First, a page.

Pro-growth enthusiasts are heartened by a tax proposal that’s been dusted off and put back on the legislative front burner.

A bill to index capital gains taxes for inflation was introduced in the U.S. House last week. While Congress has very few legislative days left before it recesses for the campaign season, indexation optimists are hopeful they can find a legislative vehicle to move the provision — perhaps during a lame-duck session that would follow the November elections.

Taming Inflation’s Sting

Indexing capital gains for inflation advanced several times in Congress during the 1990s, but the measure never quite made its way into law. Two cuts in capital gains taxes have occurred during the past decade – one during President Clinton's term in 1997, and another as part of President Bush’s tax package in 2003. Neither included indexation.

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Indexing is now back on the agenda with the introduction of H.R. 6057, a bill that would index for inflation the cost basis used in calculating the capital gains tax .

"The American people should not be taxed on inflation," said Rep. Mike Pence, R-Ind., upon introducing the bill with Eric Cantor, R-Va.

"Congress should give family farmers and small business owners a break by eliminating the tax on inflation when calculating capital gains," Pence added.

Currently, many individuals who pay the capital gains tax pay a tax on inflation. The purpose of indexing is to insure that only real gains are taxed.

Raymond J. Keating, chief economist for the Small Business & Entrepreneurship Council (note: the writer’s organization) says that such indexing is important to small businesses and our economy as real capital gains tax rates directly affect the bottom line on entrepreneurship.

“If we want solid economic growth, then we need to encourage such risk taking. A higher real capital gains tax rate does just the opposite,” says Keating.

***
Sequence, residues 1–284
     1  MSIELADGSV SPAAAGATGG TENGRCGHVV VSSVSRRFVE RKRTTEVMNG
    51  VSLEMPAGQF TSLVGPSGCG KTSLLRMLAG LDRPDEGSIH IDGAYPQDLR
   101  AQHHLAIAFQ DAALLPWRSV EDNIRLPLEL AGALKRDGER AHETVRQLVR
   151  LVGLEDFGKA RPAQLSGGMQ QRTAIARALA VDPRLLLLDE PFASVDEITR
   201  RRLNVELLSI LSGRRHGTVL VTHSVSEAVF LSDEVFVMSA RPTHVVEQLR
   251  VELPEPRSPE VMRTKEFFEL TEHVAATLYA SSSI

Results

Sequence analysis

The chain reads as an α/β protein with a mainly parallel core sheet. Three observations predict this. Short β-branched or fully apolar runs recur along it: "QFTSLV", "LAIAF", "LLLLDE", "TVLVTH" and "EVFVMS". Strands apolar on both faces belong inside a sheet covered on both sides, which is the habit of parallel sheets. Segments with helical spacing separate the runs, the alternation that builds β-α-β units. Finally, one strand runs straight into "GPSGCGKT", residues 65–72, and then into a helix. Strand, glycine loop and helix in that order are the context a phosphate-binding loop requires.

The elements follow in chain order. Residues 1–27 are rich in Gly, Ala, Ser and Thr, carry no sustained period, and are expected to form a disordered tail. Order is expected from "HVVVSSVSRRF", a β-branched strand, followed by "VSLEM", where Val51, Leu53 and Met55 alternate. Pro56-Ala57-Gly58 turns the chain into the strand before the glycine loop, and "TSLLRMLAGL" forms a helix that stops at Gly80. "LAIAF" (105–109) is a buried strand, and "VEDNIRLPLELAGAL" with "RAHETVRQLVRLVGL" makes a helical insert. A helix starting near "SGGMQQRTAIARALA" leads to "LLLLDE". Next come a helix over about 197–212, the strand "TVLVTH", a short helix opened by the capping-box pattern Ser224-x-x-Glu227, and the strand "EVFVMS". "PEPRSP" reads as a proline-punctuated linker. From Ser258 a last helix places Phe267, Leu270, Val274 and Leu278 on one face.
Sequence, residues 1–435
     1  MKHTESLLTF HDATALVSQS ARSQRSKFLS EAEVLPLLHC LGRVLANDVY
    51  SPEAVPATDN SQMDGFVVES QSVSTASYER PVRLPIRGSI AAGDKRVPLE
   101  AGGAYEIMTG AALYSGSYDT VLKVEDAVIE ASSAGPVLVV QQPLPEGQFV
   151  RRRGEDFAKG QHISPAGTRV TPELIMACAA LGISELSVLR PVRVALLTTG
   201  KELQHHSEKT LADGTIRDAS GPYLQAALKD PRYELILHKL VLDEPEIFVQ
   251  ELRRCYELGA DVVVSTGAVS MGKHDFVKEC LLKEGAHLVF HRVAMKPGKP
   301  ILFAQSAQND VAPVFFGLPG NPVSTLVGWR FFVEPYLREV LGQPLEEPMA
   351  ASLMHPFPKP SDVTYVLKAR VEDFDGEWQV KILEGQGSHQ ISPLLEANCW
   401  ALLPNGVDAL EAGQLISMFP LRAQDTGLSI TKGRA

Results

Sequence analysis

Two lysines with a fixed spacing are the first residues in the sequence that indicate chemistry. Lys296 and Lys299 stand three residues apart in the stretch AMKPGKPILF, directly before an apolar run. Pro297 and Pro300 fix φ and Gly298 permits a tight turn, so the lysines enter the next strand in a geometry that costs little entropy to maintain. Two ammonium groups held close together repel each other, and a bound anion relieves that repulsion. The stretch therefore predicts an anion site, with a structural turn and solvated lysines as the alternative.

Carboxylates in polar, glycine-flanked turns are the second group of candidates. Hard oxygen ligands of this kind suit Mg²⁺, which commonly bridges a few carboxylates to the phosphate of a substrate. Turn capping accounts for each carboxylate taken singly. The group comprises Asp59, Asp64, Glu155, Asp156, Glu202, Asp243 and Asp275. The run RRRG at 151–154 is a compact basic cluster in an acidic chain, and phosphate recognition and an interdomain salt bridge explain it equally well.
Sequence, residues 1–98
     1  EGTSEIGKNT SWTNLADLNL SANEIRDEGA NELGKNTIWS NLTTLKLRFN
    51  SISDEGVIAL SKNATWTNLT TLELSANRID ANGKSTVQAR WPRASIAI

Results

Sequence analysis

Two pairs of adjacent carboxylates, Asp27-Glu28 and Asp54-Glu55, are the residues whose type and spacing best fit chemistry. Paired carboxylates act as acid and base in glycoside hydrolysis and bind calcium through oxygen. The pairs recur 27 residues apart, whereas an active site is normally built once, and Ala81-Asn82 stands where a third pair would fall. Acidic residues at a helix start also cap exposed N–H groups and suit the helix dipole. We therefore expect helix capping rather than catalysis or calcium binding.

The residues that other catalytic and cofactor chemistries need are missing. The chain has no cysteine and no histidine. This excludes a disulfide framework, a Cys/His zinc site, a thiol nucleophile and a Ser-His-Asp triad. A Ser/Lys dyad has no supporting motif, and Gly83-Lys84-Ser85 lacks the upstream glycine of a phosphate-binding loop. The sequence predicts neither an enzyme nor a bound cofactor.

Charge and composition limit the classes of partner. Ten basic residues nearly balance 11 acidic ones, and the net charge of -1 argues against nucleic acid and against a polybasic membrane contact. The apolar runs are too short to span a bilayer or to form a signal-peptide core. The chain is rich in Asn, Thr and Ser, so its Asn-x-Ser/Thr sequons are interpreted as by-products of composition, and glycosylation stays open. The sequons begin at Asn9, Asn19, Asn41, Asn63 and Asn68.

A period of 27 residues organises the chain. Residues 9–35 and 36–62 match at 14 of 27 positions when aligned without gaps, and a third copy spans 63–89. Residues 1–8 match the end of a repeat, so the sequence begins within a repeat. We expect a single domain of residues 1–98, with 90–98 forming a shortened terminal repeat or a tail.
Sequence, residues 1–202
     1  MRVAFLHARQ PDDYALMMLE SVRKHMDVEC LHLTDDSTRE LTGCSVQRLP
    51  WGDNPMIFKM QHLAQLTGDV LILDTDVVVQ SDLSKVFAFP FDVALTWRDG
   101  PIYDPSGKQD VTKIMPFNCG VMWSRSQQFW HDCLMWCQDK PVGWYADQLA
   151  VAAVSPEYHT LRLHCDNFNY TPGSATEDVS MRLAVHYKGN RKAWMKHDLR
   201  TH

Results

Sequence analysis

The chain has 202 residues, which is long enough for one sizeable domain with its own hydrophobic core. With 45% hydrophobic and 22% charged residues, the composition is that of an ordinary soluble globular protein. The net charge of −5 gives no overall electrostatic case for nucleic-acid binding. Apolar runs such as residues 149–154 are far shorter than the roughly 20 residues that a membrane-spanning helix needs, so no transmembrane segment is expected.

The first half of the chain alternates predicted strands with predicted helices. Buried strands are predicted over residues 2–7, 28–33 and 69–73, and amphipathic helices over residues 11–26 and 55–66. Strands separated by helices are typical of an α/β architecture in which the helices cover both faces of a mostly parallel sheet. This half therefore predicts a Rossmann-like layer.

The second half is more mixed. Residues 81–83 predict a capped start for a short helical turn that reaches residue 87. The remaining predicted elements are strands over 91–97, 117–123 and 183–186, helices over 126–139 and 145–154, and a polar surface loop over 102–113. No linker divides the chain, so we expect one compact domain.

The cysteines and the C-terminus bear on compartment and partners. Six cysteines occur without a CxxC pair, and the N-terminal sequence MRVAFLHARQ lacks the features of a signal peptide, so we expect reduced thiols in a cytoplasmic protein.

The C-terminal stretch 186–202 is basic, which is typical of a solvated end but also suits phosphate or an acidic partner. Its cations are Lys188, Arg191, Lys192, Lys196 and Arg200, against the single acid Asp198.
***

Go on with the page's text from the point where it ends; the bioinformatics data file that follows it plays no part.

Beginning in 2007, H.R. 6057 would provide that a taxpayer holding an asset for more than 3 years will have the gain or loss determined by a cost basis adjusted for inflation using the “Gross Domestic Product Deflator.”

A study by the American Shareholders Alliance (ASA) found that 33 percent of the increase in shareholder wealth was attributable just to inflation during the years 1979-1994. This percentage represents an accumulated $1.5 trillion on non-real gains for investors. Without adjusting capital gains for inflation, these purely inflationary gains are taxed at the same rate as real gains.

Keating crunched some numbers to illustrate how inflation increases the real tax rate on capital gains. A $1,000 investment in the S&P 500 made in 1997, for example, would have grown to $1,382 in 2005. On that return, the capital gains tax paid at the nominal 15 percent tax rate would be $57.30. But after adjusting for inflation, the real capital gains tax rate jumps to 33.9 percent.

In some cases, individuals are currently taxed on real economic losses — that is, if the pace of a gain is less than inflation. Not indexing for inflation has other consequences that hurt the nation’s economy and competitiveness in the long term.

“Under current policy, shareholders are being taxed on inflation adjusted losses as gains which obviously discourage long-term investing,” says ASA Executive Director Daniel Clifton. “At the same time, current policy inhibits long-term economic growth by making long-term capital investments less certain and far more risky.”

Would indexing be too complicated for taxpayers to figure out? That is what some opponents of indexing claim. In reality, indexation would require merely one additional step of multiplication for taxpayers, according to Keating.

Likely, the most complicated part of indexing could be getting it through both chambers of Congress. But there’s hope some type of movement will occur.

“When the push began to index capital gains in June, pundits said there was no chance of this passing. But momentum is building and this initiative now has a 50 percent chance of passing before the end of the year,” said Clifton.

Alternatively, if Congress does not act, a legal debate is swirling over whether the president has the legal authority to achieve this goal by Executive Order. A 1992 Chamber of Commerce study concluded the president does have the legal authority to reinterpret the cost basis for calculating capital gains by excluding inflation.

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Karen Kerrigan is president & CEO of the Small Business & Entrepreneurship Council, a research and advocacy group based in Washington, D.C. that works to protect small business and promote entrepreneurship. She is also founder of Women Entrepreneurs, Inc., an association helping women business owners succeed through education, networking and advocacy. Kerrigan can be reached at kkerrigan@sbecouncil.org.